Category Archives: Halloween Tarot

Happy Halloween!

As an October baby, I love Halloween. It’s my favorite holiday, in fact. I have enough Halloween decorations to adorn two houses, and enough Halloween clothing to wear for the entire month of October.

This year has been strange, though, in that I don’t even have a pumpkin to carve, and I haven’t worn a stitch of holiday-themed clothing until today. I can’t attribute this lack of preparation and celebration to any one cause; rather, it seems to be the cumulative result of a number of small circumstances that have been piling up all fall.

Today is THE day, however, the high festival of The Great Pumpkin himself. I am wearing orange socks adorned with black spiders and white webs, a candy corn-covered turtleneck, and an orange t-shirt with a jack-o-lantern face. I have a huge stash of candy for this evening’s visitors, and I baked pumpkin bread. Some of my daughter’s friends will gather here after school to eat Monster Burgers and Butterscotch Brooms before trick-or-treating; my son plans to canvas the neighborhood as a some form of dead Roman. I think I’ll mull some cider (maybe add a little bourbon?) to take off the chill as I answer the door.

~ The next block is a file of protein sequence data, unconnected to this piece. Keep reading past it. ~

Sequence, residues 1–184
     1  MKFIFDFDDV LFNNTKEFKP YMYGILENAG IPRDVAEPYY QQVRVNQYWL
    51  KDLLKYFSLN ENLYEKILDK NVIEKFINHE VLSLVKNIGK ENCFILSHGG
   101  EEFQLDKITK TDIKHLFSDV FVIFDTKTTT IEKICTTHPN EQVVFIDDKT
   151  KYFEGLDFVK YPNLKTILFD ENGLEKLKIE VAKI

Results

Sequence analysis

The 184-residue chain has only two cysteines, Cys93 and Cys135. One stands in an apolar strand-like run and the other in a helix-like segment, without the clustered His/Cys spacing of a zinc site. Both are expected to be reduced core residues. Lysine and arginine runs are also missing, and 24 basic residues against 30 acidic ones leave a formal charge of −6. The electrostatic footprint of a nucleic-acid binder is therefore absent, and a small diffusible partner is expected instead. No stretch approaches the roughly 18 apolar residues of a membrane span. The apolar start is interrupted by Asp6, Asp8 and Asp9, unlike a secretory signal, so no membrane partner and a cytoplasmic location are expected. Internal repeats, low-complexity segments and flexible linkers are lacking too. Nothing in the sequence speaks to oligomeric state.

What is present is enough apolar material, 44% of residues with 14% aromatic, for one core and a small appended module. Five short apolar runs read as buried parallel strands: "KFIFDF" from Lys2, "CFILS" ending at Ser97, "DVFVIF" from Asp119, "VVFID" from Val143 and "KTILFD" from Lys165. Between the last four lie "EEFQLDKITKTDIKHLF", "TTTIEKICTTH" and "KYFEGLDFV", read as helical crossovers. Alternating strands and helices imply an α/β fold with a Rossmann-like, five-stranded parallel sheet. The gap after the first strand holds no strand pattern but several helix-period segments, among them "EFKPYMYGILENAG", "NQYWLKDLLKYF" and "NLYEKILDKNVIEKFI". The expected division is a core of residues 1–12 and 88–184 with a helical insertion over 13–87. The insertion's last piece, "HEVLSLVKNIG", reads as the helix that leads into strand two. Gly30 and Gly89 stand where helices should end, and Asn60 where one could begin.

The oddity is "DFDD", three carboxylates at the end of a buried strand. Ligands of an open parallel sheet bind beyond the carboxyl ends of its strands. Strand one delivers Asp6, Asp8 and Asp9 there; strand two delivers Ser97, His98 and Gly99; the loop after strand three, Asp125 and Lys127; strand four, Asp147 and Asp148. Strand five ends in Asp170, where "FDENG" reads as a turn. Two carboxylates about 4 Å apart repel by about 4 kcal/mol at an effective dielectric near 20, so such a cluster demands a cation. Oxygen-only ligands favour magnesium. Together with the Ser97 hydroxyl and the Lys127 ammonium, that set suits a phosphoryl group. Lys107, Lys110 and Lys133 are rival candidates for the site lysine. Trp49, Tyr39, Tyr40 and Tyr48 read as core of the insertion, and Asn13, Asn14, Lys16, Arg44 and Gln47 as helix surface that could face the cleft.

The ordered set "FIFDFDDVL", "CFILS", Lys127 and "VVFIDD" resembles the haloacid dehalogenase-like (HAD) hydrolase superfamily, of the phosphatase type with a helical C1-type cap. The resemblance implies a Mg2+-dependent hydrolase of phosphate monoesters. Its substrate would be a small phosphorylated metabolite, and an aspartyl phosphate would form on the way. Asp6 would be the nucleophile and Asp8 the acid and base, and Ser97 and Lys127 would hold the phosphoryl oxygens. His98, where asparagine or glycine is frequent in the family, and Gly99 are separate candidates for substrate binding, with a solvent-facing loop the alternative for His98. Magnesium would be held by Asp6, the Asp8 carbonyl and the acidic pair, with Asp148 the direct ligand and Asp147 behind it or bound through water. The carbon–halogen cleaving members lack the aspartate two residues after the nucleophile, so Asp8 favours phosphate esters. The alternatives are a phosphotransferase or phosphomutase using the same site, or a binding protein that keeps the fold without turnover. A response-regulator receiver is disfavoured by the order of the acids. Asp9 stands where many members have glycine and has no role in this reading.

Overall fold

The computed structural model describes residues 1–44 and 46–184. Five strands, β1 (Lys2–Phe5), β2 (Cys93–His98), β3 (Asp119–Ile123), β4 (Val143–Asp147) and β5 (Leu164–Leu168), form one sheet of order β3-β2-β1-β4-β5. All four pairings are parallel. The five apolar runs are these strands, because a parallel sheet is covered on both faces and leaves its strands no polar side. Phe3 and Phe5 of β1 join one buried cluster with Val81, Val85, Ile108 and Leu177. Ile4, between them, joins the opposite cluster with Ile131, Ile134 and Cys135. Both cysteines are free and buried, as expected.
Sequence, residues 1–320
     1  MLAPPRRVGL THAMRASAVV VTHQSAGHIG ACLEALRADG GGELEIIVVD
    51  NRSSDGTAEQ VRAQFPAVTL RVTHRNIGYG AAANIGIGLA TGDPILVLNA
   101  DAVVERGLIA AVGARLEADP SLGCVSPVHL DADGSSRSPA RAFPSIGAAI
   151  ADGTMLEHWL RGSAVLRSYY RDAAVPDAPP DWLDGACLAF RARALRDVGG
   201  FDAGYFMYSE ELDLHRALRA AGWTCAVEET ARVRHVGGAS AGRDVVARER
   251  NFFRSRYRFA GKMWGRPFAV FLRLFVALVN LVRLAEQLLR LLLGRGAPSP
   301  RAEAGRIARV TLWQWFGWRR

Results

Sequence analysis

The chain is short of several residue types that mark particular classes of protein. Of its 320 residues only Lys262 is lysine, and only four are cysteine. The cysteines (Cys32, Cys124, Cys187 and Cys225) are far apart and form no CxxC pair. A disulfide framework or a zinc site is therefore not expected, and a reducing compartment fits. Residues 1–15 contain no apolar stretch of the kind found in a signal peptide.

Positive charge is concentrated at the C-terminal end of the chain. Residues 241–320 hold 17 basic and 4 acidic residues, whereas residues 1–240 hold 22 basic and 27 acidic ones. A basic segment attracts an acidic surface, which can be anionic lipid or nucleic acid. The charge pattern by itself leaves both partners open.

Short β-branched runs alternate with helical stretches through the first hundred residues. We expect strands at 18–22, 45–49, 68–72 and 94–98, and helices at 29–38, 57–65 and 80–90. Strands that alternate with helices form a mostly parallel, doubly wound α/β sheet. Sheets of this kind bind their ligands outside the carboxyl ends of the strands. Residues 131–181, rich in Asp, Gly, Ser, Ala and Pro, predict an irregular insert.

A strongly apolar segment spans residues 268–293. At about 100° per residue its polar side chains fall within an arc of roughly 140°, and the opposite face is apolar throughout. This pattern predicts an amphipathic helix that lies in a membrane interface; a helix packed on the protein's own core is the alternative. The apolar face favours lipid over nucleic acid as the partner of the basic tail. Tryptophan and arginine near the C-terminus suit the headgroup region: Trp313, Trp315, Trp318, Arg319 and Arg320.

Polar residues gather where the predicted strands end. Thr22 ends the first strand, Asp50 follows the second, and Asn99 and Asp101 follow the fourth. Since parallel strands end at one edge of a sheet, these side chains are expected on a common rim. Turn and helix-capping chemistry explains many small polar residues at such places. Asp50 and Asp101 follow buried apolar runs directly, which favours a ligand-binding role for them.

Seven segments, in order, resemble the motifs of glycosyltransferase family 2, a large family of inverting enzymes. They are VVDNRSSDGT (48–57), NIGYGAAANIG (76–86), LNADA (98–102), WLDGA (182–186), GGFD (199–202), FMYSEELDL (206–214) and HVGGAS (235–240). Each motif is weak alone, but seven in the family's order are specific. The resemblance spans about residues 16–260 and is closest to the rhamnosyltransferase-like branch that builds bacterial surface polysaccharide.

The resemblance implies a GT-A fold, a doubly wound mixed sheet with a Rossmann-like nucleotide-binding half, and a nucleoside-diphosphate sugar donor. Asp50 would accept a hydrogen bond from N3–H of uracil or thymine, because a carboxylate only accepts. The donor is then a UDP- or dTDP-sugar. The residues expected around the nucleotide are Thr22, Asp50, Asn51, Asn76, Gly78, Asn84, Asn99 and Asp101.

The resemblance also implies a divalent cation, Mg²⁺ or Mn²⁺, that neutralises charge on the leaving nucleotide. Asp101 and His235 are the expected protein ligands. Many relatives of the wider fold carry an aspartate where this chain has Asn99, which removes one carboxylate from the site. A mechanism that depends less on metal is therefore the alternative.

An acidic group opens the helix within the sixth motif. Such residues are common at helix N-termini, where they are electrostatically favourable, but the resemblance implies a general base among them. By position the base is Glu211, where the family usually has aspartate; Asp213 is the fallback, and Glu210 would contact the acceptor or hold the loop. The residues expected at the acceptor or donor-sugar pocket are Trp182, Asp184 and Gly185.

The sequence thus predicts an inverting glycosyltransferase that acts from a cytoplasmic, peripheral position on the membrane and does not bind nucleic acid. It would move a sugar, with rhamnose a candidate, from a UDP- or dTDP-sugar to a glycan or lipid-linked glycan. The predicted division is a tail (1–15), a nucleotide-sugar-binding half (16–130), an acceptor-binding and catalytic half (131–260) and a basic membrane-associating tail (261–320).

Because Halloween is descended from Samhain, an old new year’s festival, I thought it would be fun to do a new year’s reading with my favorite cards, the Halloween Tarot. I even invented my own spread (with inspiration from Christine Jette’s Tarot for All Seasons and Monica’s Tarot in a Teacup).

Seeds for a Fruitful New Year (card layout)

Apples are a fall fruit, despite the fact that the global market means we can get them year-round. They belong to the botanical family Rosaceae, which is characterized by flowers with radial symmetry and five parts: sepals, petals, and in the case of apples, ovaries. If you slice an apple in half across the middle, you will see that the ovaries form a five-pointed star around the core, and each ovary contains a seed.  I used this as the basis of my layout, which I call my Apple Spread for the New Year.

The first card is the core, that which is at the center. I drew the Hanged Man, which the Halloween Tarot pictures as the Scarecrow, that  brave and brilliant thinker from Oz. The two birds also allude to Odin (who was accompanied by two ravens) hanging on the World Tree to gain the wisdom of the runes. This card is about wisdom — not knowledge — won through patience. Being upside-down gives one a different perspective, so this card also speaks of the wisdom to be gained by shifting one’s point of view.